Mohamed Habibu (far right) and his family gather outside their home in Arusha. He attends Monduli primary school where his best subjects are English and mathematics.
Tanzania experienced a drought in 2003 and 2004 that threatened nearly 2 million people and more than 18,000 Compassion-assisted children and their families. Recently, praise the Lord, rains have fallen. But the damage from the drought has already been done.
Food prices in some areas have doubled and already scarce work opportunities have declined. Many of the families of Compassion children have been pushed to the brink of starvation.
Mohamed Habibu is a 12-year-old boy registered at FPCT Monduli Student Center in Arusha. He is one of seven children in a family that is among the poorest in the Monduli hill country, home to about 145,000 peasants. Most are unemployed but some are subsistence farmers who earn the equivalent of U.S.$5 per month.
Mohamed's mom is separated from her husband and works as a hair braider to support her family. Reflecting on the severe famine, she said, "Only food relief has helped us survive."
Before receiving assistance, the Habibus subsisted on one meal a day. The children were weak because of malnutrition. "Sometimes Mohamed only had water to survive on," his mother said. "Getting food was a big challenge. I cried very often while trying to think of ways to stay alive."
When life was looking desperate, a ray of new hope was restored by Compassion Tanzania. "I was not expecting to receive such kindness," Mrs. Habibu said. "We now have assurance of getting food two or three times a day and my children are active and in good health."
Mrs. Habibu was a Muslim but she recently became a Christian after seeing the love of God through Compassion and noting the changes in Mohamed's life. He insists on reading the Bible and praying before eating. Now the entire family worships at Monduli Lutheran Church in Arusha.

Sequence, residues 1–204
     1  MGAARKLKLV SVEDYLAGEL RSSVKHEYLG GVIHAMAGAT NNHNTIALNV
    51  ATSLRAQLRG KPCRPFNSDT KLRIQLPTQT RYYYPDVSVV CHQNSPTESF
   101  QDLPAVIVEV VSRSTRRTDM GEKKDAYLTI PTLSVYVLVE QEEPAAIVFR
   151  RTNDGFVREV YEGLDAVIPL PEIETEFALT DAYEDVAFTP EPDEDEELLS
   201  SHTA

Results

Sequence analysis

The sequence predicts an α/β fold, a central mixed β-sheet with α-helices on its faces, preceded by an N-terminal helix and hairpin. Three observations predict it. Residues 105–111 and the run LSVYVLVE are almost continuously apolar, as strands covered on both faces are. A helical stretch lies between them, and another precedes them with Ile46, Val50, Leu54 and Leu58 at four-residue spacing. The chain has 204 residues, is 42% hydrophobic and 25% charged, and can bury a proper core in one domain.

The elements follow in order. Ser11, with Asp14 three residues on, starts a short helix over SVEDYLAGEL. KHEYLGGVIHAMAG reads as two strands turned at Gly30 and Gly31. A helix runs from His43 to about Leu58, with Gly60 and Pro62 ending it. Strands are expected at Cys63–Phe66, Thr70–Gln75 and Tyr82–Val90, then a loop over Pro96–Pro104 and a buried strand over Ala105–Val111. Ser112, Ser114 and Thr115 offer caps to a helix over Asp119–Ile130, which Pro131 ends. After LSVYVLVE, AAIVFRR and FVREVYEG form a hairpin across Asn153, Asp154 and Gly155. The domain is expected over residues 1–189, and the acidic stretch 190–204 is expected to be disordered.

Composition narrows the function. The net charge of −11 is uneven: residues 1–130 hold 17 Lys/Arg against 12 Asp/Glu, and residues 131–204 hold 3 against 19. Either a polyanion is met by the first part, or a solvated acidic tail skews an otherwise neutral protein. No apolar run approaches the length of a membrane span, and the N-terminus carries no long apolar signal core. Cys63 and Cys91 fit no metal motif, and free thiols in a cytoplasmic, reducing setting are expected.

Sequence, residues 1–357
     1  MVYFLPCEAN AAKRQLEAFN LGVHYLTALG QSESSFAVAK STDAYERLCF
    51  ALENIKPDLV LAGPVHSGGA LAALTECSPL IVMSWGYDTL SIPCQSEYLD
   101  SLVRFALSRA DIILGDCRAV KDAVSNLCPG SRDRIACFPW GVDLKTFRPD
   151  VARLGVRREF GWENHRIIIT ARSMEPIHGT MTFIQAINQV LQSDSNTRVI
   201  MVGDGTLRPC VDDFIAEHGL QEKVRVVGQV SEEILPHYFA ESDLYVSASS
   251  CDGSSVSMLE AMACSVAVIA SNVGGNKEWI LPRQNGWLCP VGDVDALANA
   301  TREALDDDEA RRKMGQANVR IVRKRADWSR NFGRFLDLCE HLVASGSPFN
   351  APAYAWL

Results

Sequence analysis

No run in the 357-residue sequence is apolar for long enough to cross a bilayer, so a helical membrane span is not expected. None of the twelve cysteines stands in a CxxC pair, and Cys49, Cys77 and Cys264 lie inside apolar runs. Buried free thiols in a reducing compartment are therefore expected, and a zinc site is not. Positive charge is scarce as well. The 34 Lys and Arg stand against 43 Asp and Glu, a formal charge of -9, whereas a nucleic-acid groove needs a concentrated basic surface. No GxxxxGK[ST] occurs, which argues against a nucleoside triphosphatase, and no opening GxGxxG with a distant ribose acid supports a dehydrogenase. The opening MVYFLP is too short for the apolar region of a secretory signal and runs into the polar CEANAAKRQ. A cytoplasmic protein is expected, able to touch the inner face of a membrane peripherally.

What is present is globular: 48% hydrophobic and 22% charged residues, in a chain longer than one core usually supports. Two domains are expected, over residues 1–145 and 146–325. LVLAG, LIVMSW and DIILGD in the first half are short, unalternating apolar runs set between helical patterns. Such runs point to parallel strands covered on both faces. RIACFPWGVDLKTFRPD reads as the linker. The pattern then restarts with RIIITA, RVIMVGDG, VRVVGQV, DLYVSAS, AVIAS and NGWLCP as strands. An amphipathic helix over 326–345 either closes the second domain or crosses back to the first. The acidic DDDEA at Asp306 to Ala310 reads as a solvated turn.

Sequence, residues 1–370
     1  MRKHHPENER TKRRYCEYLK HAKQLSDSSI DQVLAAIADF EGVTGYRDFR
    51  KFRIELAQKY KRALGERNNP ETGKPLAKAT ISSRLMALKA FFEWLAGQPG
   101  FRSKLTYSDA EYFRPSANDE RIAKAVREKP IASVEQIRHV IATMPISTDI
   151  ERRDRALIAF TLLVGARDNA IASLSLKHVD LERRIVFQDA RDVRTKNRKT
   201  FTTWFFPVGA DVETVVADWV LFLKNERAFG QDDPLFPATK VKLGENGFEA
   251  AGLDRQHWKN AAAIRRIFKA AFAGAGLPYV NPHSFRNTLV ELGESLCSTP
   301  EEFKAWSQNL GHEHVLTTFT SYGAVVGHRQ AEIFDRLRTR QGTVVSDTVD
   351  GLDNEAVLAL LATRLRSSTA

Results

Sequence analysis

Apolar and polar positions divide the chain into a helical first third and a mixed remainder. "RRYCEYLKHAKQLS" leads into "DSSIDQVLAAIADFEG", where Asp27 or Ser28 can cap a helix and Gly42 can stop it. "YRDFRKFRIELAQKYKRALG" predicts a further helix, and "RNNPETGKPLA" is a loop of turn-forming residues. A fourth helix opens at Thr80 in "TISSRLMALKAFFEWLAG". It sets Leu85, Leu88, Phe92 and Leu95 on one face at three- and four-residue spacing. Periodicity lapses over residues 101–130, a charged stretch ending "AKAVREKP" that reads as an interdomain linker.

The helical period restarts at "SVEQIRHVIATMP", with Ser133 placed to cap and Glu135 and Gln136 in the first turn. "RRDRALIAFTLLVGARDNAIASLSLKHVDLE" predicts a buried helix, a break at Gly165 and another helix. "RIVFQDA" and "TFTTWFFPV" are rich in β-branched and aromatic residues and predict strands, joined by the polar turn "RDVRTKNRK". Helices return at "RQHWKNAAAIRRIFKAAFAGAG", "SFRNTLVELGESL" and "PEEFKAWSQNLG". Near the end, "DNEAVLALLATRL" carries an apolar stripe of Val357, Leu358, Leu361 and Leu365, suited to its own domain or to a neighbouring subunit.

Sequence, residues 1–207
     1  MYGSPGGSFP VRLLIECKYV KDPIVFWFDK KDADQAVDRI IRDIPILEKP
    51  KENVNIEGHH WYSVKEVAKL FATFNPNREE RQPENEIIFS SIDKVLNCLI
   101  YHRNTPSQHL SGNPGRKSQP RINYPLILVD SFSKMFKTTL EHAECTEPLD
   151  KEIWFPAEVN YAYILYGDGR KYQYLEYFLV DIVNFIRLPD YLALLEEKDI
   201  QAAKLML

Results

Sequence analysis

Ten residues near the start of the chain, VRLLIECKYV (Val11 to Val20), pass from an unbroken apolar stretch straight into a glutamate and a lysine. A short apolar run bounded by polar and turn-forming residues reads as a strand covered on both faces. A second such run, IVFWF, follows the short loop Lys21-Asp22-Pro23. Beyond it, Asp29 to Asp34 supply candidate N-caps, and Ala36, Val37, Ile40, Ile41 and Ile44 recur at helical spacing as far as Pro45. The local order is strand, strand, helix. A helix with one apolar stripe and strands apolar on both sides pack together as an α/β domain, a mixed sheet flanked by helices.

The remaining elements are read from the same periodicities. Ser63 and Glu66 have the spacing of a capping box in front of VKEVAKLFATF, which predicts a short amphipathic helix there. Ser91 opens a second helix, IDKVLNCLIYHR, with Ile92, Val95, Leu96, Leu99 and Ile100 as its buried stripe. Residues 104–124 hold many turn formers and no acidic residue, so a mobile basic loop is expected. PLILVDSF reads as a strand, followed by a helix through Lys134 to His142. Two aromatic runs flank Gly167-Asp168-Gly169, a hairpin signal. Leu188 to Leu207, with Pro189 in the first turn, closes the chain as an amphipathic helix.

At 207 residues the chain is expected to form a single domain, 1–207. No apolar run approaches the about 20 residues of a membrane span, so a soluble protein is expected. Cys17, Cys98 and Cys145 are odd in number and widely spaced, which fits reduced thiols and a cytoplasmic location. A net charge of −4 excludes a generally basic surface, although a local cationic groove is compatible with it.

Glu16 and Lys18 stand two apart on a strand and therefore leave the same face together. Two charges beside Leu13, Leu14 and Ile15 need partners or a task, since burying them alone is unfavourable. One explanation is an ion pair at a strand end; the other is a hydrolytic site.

"I thank God for bringing Compassion's ministry to people like us who didn't have the means of getting money for food," Mrs. Habibu said.
Here's an example of what the famine relief effort looks like from the donor side. Truly, it is more blessed to give than receive. The following story comes from a high-school-age sponsor in Sioux Center, Iowa.
"After receiving your letter regarding Tanzania, I took a large jar to my public high school with a sign taped on it requesting donations for relief. I collected nearly $150 in one day.
"I sponsor a child in Tanzania and my heart just broke when I realized how terrible the circumstances are there. I don't have a job so my funds are tight and with a sponsorship, I just didn't see how I could contribute.
"But God moved in the hearts of my pals. Some of the donations came from kids I'd least expect to give. I was really touched by the generosity. I will be sending a check tomorrow. God bless you all."
Please consider making a contribution to the Disaster Relief Fund. Your gift will help other famine-affected areas where Compassion ministers.
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